Author(s): Morita E, Kunie K, Matsuo H
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Abstract Food-dependent exercise induced anaphylaxis (FDEIA) is a distinct form of food allergy induced by physical exercise. Symptoms are typically generalized urticaria and severe allergic reactions such as shock or hypotension. Whereas various food items are responsible for the development of FDEIA, wheat is reported to be the allergen with the highest frequency in Japan. Recently aspirin has been known to be an additional exacerbating factor. Skin tests and in vitro serum food-specific IgE assays are currently used, however their sensitivity and specificity are not always satisfactory. A challenge test consisting of ingestion of assumed food followed by intense physical exercise is the only reliable method to determine the causative food and to diagnose the disease. The challenge test is not always safe because in some cases the test induces an anaphylactic shock. So a reliable in vitro diagnostic method is necessary for the patients with FDEIA. We revealed that wheat omega-5 gliadin and high molecular weight glutenin subunit are major allergens in wheat-dependent exercise-induced anaphylaxis (WDEIA). A simultaneous detection of specific IgE to epitope sequences of both omega-5 gliadin and high molecular weight glutenin is found to achieve higher sensitivity and specificity compared with the in vitro serum food-specific IgE assays currently used for diagnosis of WDEIA. On the other hand, immunoreactive gliadins appeared in the sera of patients during the provocation test with both wheat-exercise and wheat-aspirin challenges in parallel with allergic symptoms. These findings suggest that FDEIA is IgE-mediated hypersensitivity reaction to foods and both exercise and aspirin facilitate allergen absorption from the gastrointestinal tract.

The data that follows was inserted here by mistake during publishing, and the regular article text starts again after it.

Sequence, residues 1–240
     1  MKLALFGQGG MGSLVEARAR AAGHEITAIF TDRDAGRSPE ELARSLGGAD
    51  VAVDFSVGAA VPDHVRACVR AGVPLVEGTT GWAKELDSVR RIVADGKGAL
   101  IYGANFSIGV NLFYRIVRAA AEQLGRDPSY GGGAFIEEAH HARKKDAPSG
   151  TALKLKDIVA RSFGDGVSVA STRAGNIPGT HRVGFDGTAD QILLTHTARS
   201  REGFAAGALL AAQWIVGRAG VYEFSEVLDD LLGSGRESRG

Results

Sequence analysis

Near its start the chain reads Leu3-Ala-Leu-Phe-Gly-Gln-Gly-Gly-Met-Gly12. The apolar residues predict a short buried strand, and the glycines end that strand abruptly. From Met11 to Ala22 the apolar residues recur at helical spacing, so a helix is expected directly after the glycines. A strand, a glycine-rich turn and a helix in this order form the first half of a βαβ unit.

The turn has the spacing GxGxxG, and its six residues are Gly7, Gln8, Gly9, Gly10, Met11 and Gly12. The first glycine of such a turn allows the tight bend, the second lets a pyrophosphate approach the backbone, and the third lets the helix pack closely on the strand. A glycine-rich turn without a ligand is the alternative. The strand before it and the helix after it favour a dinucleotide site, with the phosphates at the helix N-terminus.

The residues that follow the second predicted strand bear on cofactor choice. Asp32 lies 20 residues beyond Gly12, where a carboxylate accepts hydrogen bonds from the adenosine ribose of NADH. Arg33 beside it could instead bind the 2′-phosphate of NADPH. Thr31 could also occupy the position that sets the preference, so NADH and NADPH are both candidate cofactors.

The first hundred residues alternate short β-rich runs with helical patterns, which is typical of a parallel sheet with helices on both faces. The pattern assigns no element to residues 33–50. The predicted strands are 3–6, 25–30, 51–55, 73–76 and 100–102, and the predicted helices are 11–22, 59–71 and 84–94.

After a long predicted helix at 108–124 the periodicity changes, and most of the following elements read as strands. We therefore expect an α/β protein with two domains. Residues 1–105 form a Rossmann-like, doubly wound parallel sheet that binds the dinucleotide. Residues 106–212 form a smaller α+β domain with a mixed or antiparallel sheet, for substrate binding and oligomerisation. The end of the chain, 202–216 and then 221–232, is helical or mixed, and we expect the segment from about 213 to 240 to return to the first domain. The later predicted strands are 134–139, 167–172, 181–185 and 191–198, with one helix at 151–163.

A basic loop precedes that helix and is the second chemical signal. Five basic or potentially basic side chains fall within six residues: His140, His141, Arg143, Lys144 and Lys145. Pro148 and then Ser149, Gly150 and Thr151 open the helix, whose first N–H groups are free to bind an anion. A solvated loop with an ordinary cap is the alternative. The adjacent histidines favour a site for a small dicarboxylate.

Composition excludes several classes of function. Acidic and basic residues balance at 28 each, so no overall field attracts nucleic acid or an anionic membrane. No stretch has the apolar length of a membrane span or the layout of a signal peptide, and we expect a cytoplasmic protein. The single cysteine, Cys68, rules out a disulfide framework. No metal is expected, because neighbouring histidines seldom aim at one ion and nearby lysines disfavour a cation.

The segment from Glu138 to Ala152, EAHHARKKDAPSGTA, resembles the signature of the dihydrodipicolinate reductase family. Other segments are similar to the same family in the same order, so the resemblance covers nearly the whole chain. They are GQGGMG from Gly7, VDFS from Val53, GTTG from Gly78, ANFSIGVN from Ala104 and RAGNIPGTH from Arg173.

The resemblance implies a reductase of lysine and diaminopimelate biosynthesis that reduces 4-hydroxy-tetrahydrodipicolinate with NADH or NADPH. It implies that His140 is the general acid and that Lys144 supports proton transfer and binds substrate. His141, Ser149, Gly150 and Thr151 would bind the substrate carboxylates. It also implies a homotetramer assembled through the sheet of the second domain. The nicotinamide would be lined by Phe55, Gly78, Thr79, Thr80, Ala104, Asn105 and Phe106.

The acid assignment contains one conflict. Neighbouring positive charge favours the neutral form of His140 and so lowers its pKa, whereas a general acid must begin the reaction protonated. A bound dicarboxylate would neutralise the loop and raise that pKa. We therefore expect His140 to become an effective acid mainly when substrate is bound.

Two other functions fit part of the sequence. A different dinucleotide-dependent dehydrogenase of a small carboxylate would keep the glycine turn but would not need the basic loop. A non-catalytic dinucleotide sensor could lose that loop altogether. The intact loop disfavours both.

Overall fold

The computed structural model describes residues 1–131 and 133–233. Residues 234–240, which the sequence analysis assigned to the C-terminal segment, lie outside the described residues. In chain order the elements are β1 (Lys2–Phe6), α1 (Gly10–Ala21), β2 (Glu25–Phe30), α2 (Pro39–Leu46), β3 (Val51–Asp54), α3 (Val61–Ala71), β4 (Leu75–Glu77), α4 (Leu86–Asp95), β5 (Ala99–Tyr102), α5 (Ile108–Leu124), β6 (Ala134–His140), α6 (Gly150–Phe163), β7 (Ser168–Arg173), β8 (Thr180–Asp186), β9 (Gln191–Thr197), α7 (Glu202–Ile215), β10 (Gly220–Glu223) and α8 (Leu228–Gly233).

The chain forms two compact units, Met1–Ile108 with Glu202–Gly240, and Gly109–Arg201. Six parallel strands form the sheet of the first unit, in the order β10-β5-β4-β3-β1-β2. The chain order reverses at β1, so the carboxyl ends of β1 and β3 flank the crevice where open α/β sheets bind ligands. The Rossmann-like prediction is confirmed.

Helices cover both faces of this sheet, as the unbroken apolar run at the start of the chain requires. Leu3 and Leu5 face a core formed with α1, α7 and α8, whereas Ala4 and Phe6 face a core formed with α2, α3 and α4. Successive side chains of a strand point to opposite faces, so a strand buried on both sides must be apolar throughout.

This article was published in J Dermatol Sci
and referenced in Journal of Cancer Clinical Trials